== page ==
Fall in love with the problem, not the solution. Try to find a market and a problem that you are passionate about solving.

A new semester appears! New classes, new side projects. I’m taking some really interesting modules this semester and embarking on a new project.


In a great market – a market with lots of real potential customers – the market pulls product out of the startup.


  • Iterating towards perfect is better than not doing something unless it’s perfect.
  • The day has arrived when client-side JS code is now obfuscated to protect intellectual property. This actually solves one of the main problems I had some time ago. I’m guessing FullStory would be using this. ;P
  • Maybe building and selling for the enterprise isn’t so bad after all
  • My ML and Computational Biology classes this semester are interesting beyond my expectations. Maybe I’ll work on something similar to Benchling.
  • I had no idea drones/UAVs have a thriving open source software ecosystem already!
  • There’s even a local UAV company.
  • Only the paranoid survive.
  • You need to shorten learning curve. Find mentors, read books. Attend seminars, listen to people, etc.
  • It’s so so very easy to build something nobody wants.
  • I feel that my failure with SheetHub is largely attributed with me falling in love with my solution to a problem I THOUGHT existed. I got the order all wrong. It’s much closer to: Market > Problem > Solution. Find the problem first, know the market… and only sell to a market you understand.
  • A fledgling startup exists solely to arrive at product-market fit.
  • No business plan survives contact with the customer.

In your day to day… over the next month, when you come across something inefficient, or stupid, save that idea somewhere - save it in a notebook. Then one day in a a month or so you’ll have a list of problems. From there you can make a list of invention ideas.

  • Had the opportunity to pick the brains of founders of growth-stage startups PropertyGuru and Reebonz. Very, very educational.
  • StichFix has a very solid data + engineering team. How can we make more companies thrive this way?
  • I’ve been reading a lot on postmortems of companies (Songkick, Soundcloud) migrating from Rails Monoliths (aka. Monorails) into SOA. Also experimenting with RabbitMQ.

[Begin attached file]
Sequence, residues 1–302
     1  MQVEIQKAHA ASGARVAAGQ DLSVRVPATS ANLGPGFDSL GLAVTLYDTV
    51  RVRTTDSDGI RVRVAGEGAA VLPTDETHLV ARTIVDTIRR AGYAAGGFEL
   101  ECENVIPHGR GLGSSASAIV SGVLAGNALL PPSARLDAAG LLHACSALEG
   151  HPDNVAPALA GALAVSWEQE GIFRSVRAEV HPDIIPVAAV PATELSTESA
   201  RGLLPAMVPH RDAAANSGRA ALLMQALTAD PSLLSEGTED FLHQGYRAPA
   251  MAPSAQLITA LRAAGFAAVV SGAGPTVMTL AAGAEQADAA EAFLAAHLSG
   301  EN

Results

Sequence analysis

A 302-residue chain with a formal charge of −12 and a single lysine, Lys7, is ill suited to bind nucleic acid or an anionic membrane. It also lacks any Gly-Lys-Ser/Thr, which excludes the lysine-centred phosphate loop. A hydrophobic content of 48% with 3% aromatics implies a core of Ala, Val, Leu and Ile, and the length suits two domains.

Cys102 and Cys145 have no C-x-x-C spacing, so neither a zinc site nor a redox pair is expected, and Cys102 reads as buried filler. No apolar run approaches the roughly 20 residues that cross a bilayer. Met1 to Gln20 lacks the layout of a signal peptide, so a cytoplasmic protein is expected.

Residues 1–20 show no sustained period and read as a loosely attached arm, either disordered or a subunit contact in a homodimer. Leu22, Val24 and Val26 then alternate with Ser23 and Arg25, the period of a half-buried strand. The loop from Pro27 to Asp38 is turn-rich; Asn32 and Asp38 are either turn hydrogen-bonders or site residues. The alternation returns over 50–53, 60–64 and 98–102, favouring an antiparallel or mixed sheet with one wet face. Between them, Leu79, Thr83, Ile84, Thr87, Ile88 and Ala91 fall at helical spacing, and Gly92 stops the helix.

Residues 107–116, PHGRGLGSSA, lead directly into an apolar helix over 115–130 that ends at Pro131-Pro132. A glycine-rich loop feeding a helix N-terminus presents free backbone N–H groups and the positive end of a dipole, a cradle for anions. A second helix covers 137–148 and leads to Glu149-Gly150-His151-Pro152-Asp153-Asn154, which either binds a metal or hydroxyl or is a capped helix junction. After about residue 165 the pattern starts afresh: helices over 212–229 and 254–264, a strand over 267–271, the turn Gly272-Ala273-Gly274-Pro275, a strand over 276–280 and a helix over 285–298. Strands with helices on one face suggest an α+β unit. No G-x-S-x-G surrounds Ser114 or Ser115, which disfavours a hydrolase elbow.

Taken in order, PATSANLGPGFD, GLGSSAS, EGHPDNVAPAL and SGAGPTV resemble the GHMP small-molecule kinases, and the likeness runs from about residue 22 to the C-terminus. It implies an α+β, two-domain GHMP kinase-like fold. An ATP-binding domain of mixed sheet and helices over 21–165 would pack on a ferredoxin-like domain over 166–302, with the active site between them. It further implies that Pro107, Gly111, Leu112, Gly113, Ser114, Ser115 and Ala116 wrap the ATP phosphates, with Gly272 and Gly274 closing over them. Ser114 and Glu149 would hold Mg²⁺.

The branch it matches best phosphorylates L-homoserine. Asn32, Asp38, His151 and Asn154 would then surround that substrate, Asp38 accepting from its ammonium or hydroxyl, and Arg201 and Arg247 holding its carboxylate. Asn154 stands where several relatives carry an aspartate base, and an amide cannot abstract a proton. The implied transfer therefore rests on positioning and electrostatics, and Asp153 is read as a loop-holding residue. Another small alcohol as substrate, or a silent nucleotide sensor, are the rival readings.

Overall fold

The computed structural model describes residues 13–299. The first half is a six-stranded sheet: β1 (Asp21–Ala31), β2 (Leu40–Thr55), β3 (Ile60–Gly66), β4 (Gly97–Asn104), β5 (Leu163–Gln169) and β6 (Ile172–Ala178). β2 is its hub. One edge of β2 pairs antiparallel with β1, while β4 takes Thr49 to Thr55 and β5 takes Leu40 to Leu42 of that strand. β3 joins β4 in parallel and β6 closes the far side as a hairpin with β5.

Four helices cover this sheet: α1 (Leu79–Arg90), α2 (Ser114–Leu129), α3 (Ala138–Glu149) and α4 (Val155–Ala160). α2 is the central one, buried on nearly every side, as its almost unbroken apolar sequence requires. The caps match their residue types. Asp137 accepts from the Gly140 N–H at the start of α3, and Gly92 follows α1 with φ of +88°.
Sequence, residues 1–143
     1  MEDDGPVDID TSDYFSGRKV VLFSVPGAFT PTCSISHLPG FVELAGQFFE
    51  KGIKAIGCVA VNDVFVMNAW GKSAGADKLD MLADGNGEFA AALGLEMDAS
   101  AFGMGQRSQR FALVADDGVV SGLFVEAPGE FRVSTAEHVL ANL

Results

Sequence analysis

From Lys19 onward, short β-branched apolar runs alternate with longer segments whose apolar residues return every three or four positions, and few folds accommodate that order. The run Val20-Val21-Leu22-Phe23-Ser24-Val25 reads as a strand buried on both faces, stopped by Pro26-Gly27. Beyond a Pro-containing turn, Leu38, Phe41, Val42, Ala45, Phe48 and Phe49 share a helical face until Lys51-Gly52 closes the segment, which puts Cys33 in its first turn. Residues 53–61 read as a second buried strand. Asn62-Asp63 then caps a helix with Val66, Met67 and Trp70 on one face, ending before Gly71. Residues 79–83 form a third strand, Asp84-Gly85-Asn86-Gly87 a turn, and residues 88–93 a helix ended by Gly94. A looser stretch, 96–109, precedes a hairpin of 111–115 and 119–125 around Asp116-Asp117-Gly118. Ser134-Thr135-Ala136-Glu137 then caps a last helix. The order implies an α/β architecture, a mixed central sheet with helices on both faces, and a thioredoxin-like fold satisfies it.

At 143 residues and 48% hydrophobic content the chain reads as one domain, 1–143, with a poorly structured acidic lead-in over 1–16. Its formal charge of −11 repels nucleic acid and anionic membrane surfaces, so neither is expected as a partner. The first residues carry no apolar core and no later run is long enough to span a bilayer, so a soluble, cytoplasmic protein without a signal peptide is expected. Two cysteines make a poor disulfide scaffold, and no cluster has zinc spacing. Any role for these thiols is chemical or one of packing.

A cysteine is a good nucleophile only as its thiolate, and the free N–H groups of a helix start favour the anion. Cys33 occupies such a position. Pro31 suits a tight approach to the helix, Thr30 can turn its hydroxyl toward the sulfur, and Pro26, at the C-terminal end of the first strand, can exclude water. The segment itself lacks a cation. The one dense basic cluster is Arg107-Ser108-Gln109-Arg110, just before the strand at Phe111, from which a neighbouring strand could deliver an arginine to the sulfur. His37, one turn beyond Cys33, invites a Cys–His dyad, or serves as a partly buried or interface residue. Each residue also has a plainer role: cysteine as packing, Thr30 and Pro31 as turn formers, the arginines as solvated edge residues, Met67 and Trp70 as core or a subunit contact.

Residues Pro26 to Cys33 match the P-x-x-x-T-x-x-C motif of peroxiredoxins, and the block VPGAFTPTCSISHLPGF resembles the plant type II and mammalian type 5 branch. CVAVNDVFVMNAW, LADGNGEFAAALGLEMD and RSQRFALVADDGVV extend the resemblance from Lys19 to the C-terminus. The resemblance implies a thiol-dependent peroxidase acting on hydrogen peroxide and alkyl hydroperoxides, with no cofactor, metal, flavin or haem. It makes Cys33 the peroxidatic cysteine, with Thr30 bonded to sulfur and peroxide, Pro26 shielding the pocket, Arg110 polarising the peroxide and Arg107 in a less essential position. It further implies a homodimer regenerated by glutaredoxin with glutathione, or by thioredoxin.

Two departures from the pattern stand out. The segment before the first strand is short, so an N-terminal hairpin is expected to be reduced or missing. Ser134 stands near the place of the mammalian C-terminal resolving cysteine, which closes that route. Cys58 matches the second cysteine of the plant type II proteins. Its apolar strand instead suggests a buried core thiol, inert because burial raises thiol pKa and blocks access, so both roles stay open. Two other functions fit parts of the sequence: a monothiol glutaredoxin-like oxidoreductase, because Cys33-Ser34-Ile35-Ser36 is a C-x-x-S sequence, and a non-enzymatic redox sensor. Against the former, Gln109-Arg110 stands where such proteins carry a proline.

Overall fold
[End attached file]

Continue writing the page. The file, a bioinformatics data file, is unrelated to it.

• I watched Disney Pixar’s Inside Out and realized the importance of sadness in building relationships. Also, there’s nothing wrong with the wrong things in life. They help you grow and learn as a functional human being. Not everything is sunshine and rainbows but you need to embrace the good with the bad in life. It’s part of growing up, and it’s a powerful message.



  • Have been tring out the Jupyter Notebook, a language-agnostic fork of the IPython notebook for Ruby stuff. Pretty sweet for interactive documentation.
  • I really want to give a talk about Jupyter + sciRuby. Will eagerly wait until Jupyter 4.0 is stable.
  • Actively working on Flocale. BotSquad on hold.
  • More class projects and assignments, less hacking time
  • Here’s a quote from Justine Musk:

Get deeply, intensely curious about what the world wants and needs. Ask yourself what you have the potential to offer that is so unique and compelling and helpful that no computer could replace you, no one could outsource you, no one could steal your product and make it better and then club you into oblivion (not literally). Then develop that potential.

Choose one thing and become a master of it. Choose a second thing and become a master of that. When you become a master of two worlds (say, engineering and business), you can bring them together in a way that will a) introduce hot ideas to each other, so they can have idea sex and make idea babies that no one has seen before and b) create a competitive advantage because you can move between worlds, speak both languages, connect the tribes, mash the elements to spark fresh creative insight until you wake up with the epiphany that changes your life.